Lygia Clark:
The Abandonment of Art, 1948–1988

May 10, 2014-August 24, 2014

The Museum of Modern Art’s major retrospective devoted to the art of Lygia Clark (Brazilian, 1920–1988) is the first comprehensive exhibition in North America of her work. Lygia Clark: The Abandonment of Art, 1948–1988 comprises nearly 300 works, ranging from the late 1940s to the early 1980s, including drawings, paintings, sculptures, and participatory works. Drawn from public and private collections, including MoMA’s own, this survey is organized around three key themes: abstraction, Neo-Concretism, and the “abandonment” of art. Each of these axes anchors a significant concept or a constellation of works that mark a definitive step in Clark’s career. While Clark’s legacy in Brazil is profound, this exhibition draws international attention to her work. By bringing together all parts of her radical production, the exhibition seeks to reinscribe her into current discourses of abstraction, participation, and a therapeutic art practice.

Lygia Clark trained in Rio de Janeiro and Paris from the late 1940s to the mid-1950s and was a leading abstract artist at the forefront of the Neo-Concretist movement in Brazil, fostering the active participation of spectators through her works. From the late 1960s through the 1970s she created a series of unconventional artworks in parallel to a lengthy psychoanalytic therapy, leading her to develop a series of therapeutic propositions grounded in art. Clark has become a major reference for contemporary artists dealing with the limits of conventional forms of art.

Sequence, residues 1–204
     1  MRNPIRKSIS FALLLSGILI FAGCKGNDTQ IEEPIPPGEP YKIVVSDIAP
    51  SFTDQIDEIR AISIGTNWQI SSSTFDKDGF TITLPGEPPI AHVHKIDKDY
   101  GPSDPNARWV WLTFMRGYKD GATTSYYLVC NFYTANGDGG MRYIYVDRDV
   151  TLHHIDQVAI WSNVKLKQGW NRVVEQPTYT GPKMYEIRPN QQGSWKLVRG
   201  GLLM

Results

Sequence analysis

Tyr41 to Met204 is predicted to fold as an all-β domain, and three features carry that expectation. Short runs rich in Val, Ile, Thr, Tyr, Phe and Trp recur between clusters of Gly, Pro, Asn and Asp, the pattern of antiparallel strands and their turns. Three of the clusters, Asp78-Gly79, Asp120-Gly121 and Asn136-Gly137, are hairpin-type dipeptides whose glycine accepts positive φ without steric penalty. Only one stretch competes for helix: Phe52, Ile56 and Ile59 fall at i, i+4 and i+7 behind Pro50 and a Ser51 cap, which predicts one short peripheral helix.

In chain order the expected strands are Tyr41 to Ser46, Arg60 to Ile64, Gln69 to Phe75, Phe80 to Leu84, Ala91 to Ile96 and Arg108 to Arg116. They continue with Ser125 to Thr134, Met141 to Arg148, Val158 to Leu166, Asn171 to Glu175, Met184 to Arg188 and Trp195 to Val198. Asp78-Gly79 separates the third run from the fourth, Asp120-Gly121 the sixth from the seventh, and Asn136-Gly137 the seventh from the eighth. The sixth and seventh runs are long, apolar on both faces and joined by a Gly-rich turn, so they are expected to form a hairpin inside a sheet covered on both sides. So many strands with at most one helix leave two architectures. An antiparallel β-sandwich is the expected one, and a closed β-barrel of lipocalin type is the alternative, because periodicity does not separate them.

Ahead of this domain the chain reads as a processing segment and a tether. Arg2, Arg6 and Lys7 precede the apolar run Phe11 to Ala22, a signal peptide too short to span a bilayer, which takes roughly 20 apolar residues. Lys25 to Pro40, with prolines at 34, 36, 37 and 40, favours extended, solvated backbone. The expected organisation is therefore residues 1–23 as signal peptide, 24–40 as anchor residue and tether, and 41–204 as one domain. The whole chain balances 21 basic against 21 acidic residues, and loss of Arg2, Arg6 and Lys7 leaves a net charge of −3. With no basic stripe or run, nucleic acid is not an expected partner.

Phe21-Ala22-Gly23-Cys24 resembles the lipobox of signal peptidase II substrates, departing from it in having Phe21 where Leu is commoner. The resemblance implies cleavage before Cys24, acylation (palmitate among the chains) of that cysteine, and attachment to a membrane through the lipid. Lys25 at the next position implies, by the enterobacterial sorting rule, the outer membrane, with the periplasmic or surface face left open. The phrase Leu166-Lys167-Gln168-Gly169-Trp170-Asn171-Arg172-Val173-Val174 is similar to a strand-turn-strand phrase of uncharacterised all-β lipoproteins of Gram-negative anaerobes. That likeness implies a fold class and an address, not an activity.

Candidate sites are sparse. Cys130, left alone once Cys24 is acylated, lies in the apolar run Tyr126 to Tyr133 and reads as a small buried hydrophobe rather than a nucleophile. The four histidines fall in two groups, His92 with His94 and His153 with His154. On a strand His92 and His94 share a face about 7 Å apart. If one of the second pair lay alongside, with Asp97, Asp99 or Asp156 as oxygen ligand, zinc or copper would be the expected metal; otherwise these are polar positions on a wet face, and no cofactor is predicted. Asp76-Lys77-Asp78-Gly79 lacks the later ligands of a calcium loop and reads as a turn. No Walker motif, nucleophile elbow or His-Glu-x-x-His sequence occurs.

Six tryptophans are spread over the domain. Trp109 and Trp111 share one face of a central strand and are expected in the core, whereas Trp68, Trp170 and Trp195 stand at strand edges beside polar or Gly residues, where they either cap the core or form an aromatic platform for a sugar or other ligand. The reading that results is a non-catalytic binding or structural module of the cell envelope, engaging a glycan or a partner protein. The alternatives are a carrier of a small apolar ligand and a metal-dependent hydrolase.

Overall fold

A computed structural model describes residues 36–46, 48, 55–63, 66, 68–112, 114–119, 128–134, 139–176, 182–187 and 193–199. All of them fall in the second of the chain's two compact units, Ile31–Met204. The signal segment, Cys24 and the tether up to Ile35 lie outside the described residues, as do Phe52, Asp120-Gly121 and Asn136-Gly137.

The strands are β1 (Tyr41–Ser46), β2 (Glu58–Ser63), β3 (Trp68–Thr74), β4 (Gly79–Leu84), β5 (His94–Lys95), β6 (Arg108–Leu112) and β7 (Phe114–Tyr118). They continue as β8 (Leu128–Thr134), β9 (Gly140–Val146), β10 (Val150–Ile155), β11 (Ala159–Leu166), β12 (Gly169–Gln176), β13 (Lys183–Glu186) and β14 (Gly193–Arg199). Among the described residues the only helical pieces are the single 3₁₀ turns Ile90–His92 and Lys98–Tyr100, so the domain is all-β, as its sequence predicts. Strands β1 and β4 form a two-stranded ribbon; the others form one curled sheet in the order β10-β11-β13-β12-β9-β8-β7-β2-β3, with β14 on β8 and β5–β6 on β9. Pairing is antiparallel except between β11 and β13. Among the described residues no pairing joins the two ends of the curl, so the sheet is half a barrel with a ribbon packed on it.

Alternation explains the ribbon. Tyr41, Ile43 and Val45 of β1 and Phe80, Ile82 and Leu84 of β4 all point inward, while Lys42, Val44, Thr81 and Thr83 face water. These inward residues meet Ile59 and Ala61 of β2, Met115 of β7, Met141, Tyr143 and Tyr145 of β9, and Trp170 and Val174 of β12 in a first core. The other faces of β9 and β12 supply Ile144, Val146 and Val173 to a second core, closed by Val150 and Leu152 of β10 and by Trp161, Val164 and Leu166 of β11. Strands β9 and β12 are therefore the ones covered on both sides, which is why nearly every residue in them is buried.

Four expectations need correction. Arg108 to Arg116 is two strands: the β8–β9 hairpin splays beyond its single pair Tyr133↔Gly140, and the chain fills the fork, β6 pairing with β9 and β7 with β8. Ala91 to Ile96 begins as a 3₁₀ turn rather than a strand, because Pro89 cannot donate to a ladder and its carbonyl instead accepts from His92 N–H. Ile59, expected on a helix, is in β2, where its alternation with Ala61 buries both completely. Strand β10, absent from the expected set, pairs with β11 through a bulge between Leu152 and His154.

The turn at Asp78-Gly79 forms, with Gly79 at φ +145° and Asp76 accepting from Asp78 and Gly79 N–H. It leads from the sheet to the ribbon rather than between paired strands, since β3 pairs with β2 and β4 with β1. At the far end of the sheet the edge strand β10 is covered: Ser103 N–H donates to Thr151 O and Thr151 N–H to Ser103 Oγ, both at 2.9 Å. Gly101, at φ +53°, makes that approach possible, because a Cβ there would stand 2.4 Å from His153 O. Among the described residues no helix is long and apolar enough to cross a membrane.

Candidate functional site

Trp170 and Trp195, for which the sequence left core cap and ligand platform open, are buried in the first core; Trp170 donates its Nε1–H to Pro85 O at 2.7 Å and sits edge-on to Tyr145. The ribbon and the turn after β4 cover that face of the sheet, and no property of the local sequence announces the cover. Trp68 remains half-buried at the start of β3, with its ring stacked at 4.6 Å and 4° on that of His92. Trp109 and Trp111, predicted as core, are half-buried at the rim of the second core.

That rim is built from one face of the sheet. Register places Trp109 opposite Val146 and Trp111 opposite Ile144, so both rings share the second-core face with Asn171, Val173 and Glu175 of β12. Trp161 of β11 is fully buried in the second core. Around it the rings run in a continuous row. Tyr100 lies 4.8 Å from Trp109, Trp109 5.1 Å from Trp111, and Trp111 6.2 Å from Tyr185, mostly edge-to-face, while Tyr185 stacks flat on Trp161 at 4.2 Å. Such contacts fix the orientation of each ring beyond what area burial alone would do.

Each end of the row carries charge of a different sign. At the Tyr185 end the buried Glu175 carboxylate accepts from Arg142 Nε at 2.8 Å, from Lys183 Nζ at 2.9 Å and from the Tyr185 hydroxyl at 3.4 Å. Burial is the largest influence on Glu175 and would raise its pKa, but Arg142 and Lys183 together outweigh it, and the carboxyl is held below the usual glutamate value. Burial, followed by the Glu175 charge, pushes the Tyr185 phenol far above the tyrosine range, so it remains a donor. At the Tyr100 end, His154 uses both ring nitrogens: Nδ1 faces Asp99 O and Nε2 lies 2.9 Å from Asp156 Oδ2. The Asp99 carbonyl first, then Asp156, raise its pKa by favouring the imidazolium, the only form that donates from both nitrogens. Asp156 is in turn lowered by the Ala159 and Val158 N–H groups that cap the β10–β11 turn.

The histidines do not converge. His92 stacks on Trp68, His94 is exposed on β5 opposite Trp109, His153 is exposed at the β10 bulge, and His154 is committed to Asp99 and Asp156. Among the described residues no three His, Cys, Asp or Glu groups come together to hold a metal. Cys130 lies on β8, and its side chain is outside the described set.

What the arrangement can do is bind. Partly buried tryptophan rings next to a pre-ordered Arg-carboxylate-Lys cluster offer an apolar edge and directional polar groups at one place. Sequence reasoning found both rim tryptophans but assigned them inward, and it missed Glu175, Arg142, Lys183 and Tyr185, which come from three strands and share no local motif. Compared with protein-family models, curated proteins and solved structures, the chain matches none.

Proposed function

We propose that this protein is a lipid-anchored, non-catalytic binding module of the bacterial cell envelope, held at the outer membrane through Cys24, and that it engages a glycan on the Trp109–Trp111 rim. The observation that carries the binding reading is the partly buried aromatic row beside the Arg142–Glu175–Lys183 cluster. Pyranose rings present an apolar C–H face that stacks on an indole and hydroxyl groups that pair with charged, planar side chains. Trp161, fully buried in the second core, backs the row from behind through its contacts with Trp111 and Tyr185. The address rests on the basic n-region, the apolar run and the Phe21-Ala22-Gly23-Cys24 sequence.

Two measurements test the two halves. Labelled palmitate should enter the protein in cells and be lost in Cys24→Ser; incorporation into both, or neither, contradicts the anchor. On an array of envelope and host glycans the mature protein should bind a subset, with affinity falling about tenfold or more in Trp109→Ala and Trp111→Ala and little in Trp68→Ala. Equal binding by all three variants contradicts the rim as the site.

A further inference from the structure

Organized by Luis Pérez-Oramas, The Estrellita Brodsky Curator of Latin American Art, MoMA; and Connie Butler, Chief Curator, Hammer Museum; with Geaninne Gutiérrez-Guimarães, Curatorial Assistant, and Beatriz Rabelo Olivetti, Curatorial Assistant, Department of Drawings and Prints, MoMA.

Major support for the exhibition is provided by Ricardo and Susana Steinbruch, The Modern Women’s Fund, Patricia Phelps de Cisneros, Jerry I. Speyer and Katherine G. Farley, Vicky and Joseph Safra Foundation, and the Diane and Bruce Halle Foundation.